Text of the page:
The February report from the Congressional Budget Office (CBO) about the inevitable insolvency of Social Security is discouraging enough without checking the CBO’s assumptions. A closer look at the report and those assumptions reveals a Ponzi scheme that is going to crater sooner than expected.
For 2013 the CBO said that beneficiaries will receive $816 billion in benefits while revenues from payroll taxes will be $846 billion, leaving the program with a surplus of $30 billion. By the year 2023, however, the CBO estimates that outgo will exceed $1.4 trillion compared to revenues of $1.3 trillion, a shortfall of about $100 billion.
According to Jed Graham at Investor’s Business Daily, that means that the funds backing Social Security (which include Old-Age, Survivors, and Disability Insurance trust funds) will go to zero by 2031. He estimates that beneficiaries just now becoming eligible for retirement benefits will suffer huge cuts in their checks by the time they turn 80 — just when most of them will need them the most. And “workers 44 years old [today] face the prospect of retiring after the trust fund is bust.”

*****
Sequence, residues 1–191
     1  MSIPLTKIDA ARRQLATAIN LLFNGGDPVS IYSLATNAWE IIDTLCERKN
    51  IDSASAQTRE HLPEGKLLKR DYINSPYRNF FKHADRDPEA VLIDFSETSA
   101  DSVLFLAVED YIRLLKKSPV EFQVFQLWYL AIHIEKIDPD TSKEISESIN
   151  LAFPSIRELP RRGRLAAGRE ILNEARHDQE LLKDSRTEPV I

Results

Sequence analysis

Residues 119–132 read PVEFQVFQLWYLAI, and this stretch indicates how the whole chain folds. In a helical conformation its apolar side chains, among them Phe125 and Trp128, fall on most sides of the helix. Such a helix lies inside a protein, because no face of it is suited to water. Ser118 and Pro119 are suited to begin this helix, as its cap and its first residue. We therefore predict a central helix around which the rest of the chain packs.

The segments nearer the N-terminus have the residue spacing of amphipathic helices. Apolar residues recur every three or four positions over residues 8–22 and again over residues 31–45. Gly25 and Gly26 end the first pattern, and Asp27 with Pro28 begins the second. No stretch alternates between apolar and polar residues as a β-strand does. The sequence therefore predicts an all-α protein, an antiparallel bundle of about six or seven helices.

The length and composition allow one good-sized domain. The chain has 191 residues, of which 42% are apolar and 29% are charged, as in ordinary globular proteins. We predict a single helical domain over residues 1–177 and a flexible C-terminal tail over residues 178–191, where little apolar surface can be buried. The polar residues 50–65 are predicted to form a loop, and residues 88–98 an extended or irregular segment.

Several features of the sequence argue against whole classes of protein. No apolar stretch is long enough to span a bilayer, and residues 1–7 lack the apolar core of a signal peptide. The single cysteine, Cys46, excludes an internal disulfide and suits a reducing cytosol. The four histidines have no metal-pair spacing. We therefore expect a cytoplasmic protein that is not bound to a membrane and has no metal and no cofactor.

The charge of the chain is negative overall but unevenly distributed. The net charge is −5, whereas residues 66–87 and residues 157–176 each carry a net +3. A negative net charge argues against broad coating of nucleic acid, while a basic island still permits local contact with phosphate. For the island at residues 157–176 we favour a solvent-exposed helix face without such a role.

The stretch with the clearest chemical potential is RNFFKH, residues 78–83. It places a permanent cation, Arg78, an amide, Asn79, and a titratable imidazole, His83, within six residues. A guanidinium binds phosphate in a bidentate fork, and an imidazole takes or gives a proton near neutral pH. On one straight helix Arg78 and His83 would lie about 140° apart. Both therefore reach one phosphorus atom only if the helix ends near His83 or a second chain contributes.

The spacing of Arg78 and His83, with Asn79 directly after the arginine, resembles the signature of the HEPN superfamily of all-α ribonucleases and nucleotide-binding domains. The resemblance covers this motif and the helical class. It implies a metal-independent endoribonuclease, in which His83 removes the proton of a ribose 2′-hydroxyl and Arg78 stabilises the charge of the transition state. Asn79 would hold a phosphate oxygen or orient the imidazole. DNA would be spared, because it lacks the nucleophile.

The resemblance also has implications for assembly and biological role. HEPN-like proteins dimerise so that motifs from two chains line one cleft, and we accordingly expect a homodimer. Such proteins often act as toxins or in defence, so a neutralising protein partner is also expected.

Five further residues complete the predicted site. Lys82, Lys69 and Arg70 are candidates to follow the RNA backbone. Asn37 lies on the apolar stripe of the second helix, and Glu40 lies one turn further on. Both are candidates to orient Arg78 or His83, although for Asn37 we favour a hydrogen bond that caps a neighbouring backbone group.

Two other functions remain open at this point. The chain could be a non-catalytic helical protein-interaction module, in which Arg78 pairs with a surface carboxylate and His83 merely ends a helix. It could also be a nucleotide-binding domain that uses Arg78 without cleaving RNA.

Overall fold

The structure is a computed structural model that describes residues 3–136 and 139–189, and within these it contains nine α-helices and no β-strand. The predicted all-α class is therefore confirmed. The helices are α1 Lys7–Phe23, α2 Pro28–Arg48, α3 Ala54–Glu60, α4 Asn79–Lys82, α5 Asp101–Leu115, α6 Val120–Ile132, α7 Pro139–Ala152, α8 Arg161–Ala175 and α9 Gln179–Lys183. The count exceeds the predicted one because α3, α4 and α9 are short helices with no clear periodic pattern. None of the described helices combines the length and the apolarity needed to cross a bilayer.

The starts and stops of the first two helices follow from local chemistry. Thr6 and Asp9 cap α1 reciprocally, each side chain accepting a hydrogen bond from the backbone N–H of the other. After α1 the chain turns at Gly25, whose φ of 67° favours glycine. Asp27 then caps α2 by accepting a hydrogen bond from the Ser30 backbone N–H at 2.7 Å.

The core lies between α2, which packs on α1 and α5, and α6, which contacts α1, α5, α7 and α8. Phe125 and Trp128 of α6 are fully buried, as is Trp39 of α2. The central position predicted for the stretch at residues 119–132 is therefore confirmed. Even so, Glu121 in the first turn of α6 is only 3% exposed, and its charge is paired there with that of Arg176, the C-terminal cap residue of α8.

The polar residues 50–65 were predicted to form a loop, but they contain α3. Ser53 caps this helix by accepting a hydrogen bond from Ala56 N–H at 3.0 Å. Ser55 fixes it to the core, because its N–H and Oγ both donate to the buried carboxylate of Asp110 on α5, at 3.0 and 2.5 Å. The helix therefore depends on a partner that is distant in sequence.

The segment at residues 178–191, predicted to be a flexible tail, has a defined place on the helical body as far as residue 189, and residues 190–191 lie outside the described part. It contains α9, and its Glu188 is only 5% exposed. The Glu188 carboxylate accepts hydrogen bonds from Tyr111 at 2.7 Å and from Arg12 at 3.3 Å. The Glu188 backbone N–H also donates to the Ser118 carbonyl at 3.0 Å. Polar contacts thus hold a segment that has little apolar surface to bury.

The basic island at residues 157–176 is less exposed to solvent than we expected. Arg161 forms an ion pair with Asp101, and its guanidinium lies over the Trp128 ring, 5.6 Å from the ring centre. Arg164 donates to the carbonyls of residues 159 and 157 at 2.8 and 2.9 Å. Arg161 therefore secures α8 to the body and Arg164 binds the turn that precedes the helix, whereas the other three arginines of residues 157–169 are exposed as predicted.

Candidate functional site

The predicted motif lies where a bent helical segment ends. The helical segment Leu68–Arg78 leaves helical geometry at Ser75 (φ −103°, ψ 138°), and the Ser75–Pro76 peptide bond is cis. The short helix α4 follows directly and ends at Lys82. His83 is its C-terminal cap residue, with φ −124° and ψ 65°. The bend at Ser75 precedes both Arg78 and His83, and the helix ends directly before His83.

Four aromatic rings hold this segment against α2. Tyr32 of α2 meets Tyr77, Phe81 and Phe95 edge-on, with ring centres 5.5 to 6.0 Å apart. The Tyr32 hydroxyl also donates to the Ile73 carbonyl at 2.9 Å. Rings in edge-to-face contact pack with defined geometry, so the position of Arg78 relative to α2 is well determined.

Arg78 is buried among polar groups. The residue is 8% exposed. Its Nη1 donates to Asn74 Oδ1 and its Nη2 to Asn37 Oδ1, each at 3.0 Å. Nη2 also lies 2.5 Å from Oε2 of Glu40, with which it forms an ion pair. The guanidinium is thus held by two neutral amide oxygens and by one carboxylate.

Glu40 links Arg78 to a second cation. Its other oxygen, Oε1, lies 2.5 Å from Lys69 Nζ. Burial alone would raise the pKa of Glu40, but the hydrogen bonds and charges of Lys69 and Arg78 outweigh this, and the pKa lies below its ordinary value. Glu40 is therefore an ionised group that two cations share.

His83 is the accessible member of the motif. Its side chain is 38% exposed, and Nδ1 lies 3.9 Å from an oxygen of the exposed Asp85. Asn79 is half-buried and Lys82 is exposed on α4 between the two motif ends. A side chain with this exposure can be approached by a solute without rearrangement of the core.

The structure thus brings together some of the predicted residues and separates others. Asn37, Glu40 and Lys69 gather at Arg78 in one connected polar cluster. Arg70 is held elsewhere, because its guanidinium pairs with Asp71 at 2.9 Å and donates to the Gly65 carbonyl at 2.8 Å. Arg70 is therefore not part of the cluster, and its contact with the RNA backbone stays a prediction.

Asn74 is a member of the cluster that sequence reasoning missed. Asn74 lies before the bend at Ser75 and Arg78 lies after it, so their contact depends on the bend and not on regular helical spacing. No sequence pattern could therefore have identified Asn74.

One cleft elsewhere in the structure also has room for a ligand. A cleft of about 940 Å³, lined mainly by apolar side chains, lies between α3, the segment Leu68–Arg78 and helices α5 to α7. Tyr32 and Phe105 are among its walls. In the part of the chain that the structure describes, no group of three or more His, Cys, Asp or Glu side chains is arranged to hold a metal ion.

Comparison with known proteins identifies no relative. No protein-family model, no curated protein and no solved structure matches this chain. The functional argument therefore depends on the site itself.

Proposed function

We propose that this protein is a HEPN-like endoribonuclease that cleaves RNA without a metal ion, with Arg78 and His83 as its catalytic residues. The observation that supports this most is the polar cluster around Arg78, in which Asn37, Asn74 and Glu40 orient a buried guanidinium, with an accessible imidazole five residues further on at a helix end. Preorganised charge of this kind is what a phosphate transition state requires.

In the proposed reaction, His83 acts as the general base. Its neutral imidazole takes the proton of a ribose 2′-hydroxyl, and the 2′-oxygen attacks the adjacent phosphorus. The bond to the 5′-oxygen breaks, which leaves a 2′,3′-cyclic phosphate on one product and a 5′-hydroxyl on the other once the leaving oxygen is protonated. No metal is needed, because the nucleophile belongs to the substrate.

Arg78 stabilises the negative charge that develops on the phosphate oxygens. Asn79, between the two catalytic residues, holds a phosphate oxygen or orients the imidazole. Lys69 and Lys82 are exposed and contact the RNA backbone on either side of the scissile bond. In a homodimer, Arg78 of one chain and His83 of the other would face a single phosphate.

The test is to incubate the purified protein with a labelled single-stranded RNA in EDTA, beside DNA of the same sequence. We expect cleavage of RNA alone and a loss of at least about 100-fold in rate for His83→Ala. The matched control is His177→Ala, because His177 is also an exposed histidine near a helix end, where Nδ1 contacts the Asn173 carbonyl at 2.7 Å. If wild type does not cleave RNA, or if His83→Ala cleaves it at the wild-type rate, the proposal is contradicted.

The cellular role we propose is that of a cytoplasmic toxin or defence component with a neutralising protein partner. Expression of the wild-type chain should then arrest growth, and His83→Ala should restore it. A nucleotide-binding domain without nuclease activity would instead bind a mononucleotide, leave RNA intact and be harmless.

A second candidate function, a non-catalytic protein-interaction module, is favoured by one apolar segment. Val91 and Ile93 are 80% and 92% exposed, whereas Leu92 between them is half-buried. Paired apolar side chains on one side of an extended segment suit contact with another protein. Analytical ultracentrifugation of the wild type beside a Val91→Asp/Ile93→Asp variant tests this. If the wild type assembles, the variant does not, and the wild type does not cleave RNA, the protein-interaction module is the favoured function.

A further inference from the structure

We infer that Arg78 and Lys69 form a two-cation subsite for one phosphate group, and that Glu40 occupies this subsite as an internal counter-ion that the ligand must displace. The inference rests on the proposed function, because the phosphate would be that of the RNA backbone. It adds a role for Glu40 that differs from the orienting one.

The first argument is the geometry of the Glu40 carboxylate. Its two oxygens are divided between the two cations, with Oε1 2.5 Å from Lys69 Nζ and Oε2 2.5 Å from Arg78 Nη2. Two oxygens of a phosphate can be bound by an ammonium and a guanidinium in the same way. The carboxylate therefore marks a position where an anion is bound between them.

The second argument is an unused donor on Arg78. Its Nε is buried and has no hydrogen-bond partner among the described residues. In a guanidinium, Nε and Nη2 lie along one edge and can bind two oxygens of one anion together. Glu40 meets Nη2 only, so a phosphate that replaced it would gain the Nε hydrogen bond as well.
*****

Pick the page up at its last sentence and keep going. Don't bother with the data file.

Chuck Saletta, at The Motley Fool, agrees. He notes that the temporary “surplus” in the funds will peak two years sooner than estimated by the CBO just a year ago and will have $140 billion less in them in 2022 than projected. He says the “collapse date” will be moved back to 2033 or even sooner.
But neither of these picked up the footnote from the original CBO report:
The CBO projects that the DI [Disability Insurance] trust fund will be exhausted during the fiscal year 2016. Under current law the Commissioner of Social Security may not pay benefits in excess of the available balances in a trust fund, borrow money for a trust fund, or transfer money from one trust fund to another.
So what is a good economist to do? They just assume that somehow those DI benefits will be paid from somewhere: “CBO … assumes that the Commissioner will pay DI benefits in full even after the trust fund is exhausted.”
The CBO then calculates the additional shortfall that paying those DI benefits will create: another $1.2 trillion. That brings the total “surplus” remaining in the trust funds in 2023 to a little over $1 trillion. That’s just enough to pay benefits to everyone for about three more years.
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